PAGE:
The language situation there in Sierra Leone is going to be interesting.  The country's official language is English, but it is only spoken by a small minority of the population and mostly located in Freetown.  The lingua franca that unites all the different local and tribal languages is Krio.  Which started "as a trading language for tens of thousands of freed slaves from all over West Africa, Europeans, and other merchants."  It has elements of many languages but its most obvious roots are from Jamaican freed slaves, Nova Scotia, English, and West African languages.  For some simple phrases click here...  

There are also another 23 or so 'living languages' still spoken throughout the country. The two main ones are Mende in the south and Temne further northwest.  It will be useful to be able to greet and exchange pleasantries in these two languages, but for the most part, my focus needs to be Krio.  I have downloaded an old Peace Crops manual for learning Krio, but it is not exactly of the highest quality.  I have my work cut out for me.  Languages for me are also a bit touch and go.  I never really do well learning them from afar.  When I went to Prague I just got a book and walked around reading all the signs and interacting as best I could.  I had my little dictionary and just learned via trying and listening.  Problem now though is that I can't find a pocket english-krio dictionary, but who knows, that may change in country (though I'm not holding my breath... ;)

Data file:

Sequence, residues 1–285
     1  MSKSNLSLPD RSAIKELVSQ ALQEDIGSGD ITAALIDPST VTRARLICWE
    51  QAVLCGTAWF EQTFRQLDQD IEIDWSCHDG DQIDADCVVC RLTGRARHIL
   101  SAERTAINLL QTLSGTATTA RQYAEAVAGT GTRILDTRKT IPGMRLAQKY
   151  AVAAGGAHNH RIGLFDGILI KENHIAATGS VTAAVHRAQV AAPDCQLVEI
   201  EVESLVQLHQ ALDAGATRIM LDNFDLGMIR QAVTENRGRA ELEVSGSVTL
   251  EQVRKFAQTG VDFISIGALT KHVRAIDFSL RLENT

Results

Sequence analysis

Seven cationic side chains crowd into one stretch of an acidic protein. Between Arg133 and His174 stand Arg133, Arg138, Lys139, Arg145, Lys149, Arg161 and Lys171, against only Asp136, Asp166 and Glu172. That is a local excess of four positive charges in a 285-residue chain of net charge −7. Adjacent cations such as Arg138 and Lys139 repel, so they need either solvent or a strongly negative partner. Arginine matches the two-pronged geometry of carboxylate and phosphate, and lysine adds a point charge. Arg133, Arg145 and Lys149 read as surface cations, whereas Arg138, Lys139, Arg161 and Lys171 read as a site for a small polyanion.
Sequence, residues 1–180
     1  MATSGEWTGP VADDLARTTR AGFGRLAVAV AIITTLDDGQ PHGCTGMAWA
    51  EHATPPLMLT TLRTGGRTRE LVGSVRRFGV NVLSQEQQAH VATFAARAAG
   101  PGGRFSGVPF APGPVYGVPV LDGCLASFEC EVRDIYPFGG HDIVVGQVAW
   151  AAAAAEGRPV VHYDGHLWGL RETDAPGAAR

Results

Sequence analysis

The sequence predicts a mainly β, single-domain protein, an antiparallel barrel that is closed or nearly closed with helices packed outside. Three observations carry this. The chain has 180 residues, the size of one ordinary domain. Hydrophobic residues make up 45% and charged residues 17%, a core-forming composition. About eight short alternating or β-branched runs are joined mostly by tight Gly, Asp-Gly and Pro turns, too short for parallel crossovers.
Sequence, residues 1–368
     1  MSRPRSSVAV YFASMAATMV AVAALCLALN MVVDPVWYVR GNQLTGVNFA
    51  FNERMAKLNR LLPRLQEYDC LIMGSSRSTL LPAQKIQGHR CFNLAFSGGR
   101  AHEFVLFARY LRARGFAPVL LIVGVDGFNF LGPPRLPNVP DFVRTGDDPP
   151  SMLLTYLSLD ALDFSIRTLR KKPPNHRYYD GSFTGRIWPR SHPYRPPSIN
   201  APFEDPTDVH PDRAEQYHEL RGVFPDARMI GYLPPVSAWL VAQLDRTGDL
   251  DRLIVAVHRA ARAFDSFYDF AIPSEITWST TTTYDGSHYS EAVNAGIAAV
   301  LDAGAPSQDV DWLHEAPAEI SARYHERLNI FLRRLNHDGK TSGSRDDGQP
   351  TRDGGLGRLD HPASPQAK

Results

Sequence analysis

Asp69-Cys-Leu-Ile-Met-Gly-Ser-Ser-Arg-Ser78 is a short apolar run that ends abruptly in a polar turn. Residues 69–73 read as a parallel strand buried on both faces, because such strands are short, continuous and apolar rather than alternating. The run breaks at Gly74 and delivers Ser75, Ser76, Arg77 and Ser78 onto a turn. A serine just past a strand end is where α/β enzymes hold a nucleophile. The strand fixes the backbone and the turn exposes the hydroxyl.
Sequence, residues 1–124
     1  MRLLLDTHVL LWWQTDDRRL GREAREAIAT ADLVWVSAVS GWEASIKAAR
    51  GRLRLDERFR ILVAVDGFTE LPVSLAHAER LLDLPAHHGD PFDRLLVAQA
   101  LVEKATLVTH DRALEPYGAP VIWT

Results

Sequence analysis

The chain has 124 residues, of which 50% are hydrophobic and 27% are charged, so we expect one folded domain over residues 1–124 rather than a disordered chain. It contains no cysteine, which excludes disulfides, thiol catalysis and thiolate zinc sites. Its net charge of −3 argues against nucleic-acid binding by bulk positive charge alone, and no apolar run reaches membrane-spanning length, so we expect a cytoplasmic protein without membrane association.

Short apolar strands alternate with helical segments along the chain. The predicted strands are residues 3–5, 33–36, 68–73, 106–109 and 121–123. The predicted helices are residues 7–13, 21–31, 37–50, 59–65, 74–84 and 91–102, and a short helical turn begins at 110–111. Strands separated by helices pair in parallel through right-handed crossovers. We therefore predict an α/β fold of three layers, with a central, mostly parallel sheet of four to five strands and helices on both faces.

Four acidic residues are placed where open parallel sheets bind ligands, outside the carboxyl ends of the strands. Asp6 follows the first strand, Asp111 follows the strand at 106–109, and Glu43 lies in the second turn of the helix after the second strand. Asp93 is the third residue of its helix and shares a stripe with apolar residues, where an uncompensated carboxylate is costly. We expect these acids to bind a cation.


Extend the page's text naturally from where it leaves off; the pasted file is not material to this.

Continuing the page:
Languages throughout the developing world are under a great deal of pressure from globalization as well.  I take a bit of a sense of passion with this.  As you can see from the above video many languages are slowly disappearing due to larger more 'useful' languages.  In the video, it is Krim that is disappearing in the face of Mende (both indigenous languages), but then it is (what could be considered a 'foreign' language) Krio that has overcome Mende as the country's universal language, and then English that has become the official language of the country.  You see this all over the world, the main languages - especially English - are learned everywhere and in turn local languages are threatened and lose some of their vibrance.  With this obviously a part of one culture wanes under the pressures of another.  Though I will be learning a 'new' or 'foreign' language in Krio, I still see this as a step in a more fulfilling direction.  I will not be learning French or Spanish, but learning something unique and specific.  A language spoken by only a few people (in global terms), and I find a pleasant sense of satisfaction within this.